South Korea's president on Friday nominated former Environment Minister Han Myung-sook to be prime minister, setting the stage for her to become the first woman to hold the government's No. 2 spot.
President Roh Moo-hyun asked the National Assembly to swiftly confirm his appointment so that Han, 62, could begin handling state affairs. Most power is concentrated in the president's office, but the prime minister handles much of South Korea's domestic affairs.
"President Roh expects the nominee to resolve major state affairs in a stable ... manner through soft leadership and strong policy implementation," the presidential office said in a press release.
The nomination came a week after Lee Hae-chan stepped down as prime minister following strong public and opposition criticism for playing golf rather than overseeing the government's response to a railway strike on a national holiday on March 1.
The National Assembly was expected to hold a confirmation hearing soon.
The ruling Uri party holds 143 seats in the 297-member National Assembly, while the main opposition Grand National Party has 126 seats. The rest are minor parties and independent lawmakers.
The Grand National Party, which could block the nomination through parliamentary maneuvering, has demanded that Han resign from the Uri party in order to take the premier's post.
Lee Jae-oh, the GNP floor leader, suggested that his party could boycott the confirmation hearing unless the nominee severs her ties with the Uri Party to ensure impartiality in nationwide mayoral and gubernatorial elections in May, said Yonhap news agency.
Han, however, said she was not considering quitting the party, said Yonhap.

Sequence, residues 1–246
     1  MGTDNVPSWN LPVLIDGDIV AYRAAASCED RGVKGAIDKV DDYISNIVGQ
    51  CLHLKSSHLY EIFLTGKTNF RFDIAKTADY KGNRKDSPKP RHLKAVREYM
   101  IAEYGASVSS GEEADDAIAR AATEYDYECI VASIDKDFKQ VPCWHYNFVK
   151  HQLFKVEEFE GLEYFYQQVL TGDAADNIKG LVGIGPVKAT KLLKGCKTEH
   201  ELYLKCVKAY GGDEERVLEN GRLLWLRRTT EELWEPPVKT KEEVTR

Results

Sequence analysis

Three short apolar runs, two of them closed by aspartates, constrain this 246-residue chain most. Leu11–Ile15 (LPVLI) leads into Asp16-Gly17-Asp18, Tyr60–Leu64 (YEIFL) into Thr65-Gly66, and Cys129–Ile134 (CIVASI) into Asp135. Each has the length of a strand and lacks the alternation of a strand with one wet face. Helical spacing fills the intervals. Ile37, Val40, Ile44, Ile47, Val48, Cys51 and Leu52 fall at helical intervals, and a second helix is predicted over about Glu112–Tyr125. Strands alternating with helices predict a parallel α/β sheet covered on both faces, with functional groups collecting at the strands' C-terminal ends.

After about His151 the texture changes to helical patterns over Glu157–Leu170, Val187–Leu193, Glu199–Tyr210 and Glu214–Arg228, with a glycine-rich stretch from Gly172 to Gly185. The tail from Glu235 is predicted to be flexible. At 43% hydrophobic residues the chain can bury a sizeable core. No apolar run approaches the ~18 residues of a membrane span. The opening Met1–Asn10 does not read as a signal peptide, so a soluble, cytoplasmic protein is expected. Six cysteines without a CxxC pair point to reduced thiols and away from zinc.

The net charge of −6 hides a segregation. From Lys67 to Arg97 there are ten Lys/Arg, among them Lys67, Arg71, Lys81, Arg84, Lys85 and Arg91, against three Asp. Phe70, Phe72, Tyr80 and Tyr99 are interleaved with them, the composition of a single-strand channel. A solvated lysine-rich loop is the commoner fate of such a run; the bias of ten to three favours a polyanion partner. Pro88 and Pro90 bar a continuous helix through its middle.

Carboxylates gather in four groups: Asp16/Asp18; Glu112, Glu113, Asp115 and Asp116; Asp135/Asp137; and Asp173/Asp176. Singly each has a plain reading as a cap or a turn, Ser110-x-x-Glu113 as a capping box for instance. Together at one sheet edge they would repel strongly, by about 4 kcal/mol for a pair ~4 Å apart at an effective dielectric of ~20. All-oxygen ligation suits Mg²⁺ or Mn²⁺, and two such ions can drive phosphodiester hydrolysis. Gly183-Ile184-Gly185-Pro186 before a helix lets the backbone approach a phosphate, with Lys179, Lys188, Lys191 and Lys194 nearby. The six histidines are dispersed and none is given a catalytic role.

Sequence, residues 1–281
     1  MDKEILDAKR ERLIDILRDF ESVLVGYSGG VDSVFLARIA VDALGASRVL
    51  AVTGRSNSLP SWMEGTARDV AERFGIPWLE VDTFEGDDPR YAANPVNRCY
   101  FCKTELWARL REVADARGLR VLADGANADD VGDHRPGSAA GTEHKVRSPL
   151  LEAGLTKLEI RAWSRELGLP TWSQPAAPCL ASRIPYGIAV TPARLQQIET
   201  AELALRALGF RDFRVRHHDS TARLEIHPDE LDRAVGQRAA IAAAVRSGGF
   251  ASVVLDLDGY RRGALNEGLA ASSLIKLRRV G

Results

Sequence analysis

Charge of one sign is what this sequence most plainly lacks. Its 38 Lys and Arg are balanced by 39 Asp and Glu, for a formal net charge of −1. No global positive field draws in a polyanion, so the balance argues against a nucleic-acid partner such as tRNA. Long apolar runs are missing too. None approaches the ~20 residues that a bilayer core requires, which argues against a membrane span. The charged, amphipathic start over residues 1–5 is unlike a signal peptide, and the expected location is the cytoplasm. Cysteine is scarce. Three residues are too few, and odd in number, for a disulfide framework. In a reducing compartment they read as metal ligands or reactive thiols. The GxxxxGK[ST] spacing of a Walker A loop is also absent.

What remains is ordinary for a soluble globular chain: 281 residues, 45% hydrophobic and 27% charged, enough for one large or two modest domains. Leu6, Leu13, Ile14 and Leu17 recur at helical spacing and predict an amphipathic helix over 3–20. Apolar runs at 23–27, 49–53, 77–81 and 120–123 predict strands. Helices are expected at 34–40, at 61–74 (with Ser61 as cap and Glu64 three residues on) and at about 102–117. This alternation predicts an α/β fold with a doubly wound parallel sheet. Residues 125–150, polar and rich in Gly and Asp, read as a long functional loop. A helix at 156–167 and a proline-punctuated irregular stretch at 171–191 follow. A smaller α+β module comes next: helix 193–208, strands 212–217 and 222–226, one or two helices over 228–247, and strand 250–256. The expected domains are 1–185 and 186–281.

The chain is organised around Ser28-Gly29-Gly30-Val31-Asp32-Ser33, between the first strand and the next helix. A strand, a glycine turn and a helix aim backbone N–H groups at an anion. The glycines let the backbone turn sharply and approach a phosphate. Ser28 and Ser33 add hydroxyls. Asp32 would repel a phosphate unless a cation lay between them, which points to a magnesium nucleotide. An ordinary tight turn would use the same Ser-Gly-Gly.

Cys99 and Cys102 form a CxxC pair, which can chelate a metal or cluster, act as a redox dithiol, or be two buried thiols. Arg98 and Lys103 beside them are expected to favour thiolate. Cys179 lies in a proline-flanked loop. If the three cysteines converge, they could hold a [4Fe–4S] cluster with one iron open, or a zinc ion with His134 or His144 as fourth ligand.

Han is not the first woman nominated to the position.
However, the previous female nominee, Chang Sang, failed to be confirmed in 2002. The former president of Ewha Womans University faced accusations over real estate speculation and the misrepresentation of her academic background.
Han is a two-term lawmaker who was minister of gender equality and family under former President Kim Dae-jung, and previously served as environment minister under Roh.
The prime minister has in the past been seen as a largely ceremonial position.
But it has taken on greater importance now that Roh has delegated much of authority to the prime minister on domestic affairs. His approval ratings have slid to record lows after a failed attempt to form a grand coalition with the opposition and a stall in the country's economy.
Roh took office in 2003 and is constitutionally barred from running again, but last month he suggested that even the single five-year term for the country's president might be "a little too long", reports the AP.
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